Heard any good Tiger Woods jokes lately? Because Accenture sure has.
Unless you’re like me and are more enamored with the fast-paced thrills of competitive speed skating, you may have noticed that Accenture made the inevitable move to cut ties with professional golfer/amateur lothario Tiger Woods. Today The New York Times ran an article describing the lengths Accenture has taken in erasing any sign of Tiger’s association. While there was no doubt that new ad campaigns would roll out soon—replacing the now chuckle-inducing images of Woods currently seen in airports and industry magazines—it’s almost sad to hear of company reps tearing up posters and stationary, like a bad high school breakup.
The company's action is thus far the most dramatic taken by any of Woods’ numerous sponsors—though well justified. While companies like Nike and Gatorade have other big names to draw on, Accenture was the one with the most to lose from exposure to Tiger’s myriad infidelities, given that his image was tied indelibly to theirs. And in an aggressive and widely conservative industry, a sex scandal this prominent is more than just a liability—it’s an outright open wound.
In the past weeks, those familiar with Accenture’s Tiger-centric ads had more than a good laugh at the firm’s expense. It wasn’t much of a stretch, with even the most tenuous double-entendres one can derive from slogans like "It's what you do next that counts" and "We know what it takes to be a Tiger." Even Naomi had some fun here last week with the company's “Go on, be a Tiger” tagline. But that’s all just the lighter side of the blemish this leaves on Accenture. As a firm courting clients in numerous industries, each with varying sensitivities to this kind of messy subject, it may see its client list take a hit; so is it any wonder Accenture can’t do enough to distance itself?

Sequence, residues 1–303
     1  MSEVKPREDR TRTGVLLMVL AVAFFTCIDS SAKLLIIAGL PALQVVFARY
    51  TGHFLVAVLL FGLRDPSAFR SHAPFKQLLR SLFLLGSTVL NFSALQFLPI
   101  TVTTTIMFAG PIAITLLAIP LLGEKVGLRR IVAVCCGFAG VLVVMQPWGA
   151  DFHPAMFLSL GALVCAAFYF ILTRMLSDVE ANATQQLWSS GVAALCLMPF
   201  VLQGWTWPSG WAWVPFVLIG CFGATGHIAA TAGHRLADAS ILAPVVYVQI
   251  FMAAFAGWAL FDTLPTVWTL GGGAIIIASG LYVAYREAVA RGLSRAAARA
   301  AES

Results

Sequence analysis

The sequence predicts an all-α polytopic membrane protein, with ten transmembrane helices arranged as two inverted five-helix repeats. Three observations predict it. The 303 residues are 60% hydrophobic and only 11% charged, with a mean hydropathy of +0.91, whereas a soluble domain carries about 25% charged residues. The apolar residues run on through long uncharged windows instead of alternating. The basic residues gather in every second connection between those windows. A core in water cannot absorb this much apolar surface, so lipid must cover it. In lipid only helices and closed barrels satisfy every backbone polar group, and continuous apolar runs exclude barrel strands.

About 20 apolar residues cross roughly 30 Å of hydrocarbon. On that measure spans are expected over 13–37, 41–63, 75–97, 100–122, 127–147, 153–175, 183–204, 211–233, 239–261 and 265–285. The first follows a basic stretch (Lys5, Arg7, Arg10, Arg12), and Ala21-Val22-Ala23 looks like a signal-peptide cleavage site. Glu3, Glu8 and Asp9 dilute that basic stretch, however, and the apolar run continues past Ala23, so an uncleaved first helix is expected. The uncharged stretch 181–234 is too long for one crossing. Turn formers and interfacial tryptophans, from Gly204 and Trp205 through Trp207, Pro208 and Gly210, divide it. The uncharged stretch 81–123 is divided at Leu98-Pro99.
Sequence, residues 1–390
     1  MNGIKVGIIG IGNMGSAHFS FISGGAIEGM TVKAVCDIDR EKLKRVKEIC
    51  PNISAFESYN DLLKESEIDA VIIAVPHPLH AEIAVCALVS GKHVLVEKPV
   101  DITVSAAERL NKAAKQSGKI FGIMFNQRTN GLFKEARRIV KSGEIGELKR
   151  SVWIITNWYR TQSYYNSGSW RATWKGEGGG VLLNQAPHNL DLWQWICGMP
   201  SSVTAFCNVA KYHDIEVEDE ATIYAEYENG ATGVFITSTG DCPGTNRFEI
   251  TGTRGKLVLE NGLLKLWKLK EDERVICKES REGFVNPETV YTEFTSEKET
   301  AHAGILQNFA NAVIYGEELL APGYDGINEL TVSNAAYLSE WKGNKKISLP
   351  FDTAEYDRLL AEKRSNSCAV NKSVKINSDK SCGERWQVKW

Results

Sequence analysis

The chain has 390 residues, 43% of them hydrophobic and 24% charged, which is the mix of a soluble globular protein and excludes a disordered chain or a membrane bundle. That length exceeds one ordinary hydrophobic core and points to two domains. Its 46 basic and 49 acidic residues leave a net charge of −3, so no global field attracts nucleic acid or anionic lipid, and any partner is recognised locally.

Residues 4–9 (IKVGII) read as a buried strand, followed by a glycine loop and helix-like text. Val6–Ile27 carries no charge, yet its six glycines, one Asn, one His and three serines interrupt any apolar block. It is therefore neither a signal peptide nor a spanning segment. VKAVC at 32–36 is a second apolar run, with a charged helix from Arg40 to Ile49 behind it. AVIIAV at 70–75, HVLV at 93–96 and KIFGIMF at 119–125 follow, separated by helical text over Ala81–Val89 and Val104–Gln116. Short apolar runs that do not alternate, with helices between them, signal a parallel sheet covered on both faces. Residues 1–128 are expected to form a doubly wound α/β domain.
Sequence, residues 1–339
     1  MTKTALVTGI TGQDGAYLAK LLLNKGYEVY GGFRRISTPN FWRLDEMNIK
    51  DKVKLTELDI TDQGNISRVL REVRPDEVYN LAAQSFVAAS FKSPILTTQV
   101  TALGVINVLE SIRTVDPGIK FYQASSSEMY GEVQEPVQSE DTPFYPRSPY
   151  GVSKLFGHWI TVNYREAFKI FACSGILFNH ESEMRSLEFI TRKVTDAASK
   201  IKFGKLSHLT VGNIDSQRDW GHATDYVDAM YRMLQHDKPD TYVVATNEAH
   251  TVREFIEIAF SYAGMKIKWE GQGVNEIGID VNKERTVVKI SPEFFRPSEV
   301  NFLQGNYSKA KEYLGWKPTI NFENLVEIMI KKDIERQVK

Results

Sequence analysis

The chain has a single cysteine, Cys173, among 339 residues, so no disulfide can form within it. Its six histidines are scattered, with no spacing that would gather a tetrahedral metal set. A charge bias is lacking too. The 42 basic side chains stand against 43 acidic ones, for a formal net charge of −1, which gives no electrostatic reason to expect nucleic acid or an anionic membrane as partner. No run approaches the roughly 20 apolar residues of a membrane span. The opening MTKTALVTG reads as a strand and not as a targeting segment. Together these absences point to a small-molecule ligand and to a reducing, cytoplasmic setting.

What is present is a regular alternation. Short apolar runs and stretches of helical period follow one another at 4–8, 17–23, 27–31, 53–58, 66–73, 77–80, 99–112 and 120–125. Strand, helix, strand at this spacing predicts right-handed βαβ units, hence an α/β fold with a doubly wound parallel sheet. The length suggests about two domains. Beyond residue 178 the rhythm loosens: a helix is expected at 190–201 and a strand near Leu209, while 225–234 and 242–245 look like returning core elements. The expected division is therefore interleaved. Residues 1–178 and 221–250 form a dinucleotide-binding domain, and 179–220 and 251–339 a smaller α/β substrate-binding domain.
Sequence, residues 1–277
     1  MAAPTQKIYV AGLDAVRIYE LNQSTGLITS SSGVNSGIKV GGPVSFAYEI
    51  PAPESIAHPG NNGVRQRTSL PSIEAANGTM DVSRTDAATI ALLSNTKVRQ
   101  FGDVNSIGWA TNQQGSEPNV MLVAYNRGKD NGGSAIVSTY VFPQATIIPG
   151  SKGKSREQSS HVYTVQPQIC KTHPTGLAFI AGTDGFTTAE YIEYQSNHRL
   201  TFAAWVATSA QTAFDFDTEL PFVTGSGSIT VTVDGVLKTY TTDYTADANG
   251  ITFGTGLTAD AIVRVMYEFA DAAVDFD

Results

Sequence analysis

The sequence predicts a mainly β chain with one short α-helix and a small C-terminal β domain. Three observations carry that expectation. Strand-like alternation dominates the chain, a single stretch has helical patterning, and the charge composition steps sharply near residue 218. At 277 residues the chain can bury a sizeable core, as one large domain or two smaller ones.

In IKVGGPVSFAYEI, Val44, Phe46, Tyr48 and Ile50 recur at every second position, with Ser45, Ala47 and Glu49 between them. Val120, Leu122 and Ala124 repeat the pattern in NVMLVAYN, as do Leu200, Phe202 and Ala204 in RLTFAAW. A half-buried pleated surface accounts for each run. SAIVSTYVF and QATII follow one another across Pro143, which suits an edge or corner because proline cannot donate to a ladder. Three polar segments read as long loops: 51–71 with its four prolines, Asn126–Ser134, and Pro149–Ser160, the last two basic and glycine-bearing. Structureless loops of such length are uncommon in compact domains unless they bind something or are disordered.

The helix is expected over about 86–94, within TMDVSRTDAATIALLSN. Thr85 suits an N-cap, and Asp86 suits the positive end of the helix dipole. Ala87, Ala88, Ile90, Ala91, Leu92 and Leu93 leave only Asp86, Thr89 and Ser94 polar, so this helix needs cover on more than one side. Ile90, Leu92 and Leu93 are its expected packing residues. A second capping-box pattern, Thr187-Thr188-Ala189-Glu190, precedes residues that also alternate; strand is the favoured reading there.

On a broad scale, this is nothing new in the world of spokespersons. Another article from the Times raises a viable point: People, famous or not, are fallible, and you’re unlikely to find a celeb whose skeletons in the closet can’t be dug up in the age of Facebook and TMZ. The article cites incidents like that of Michael Phelps, who put Kellogg’s on damage control when the Olympic champ and Wheaties model was photographed with a bong; Phelps was disowned, and his discontinued Wheaties boxes are now a collector’s item. Other shamed pitchmen come to mind, from O.J. Simpson and Mike Tyson, to Martha Stewart and Pee-Wee Herman. Tiger himself might recall Fuzzy Zoeller, who lost a number of sponsorships after making a “fried chicken” crack about Woods. So perhaps it’s time we outgrow the old gimmick of celebrity endorsements.
But this also brings things into perspective for the rest of us. If there’s a lesson to be learned, it’s that no one is too big to fail—even a squeaky-clean Tiger Woods can go down in flames, and take you with him. Staff and executives alike should see themselves just as much representatives of their firms as their mascots, and their errors in judgment can damage the company. Remember Jerome Jacobson and Simon Marketing? Jacobson, Simon’s chief of security, was behind the McDonald’s Monopoly scam, where prize pieces were kept from reaching customers (and saved for Jerome and his accomplices); while only Jacobson was prosecuted, the mess ruined Simon and its parent company, Cyrk. In a more recent example, the jury’s still out on how the Anil Kumar situation will play for McKinsey, but having your exec selling off client information is never good for PR.
So pity not the Tiger; while many of his sponsors are drawing back, most are sticking with him. If anything, pity the poor schlubs at Accenture who now have to white-out Woods’ name from every ad, PowerPoint template, slide, business card and cheap novelty visor handed out at company picnics. It’s the price they pay for promoting themselves on the imaginary perfection of one imperfect man.
-Alex Tuttle, Vault Web Content Intern
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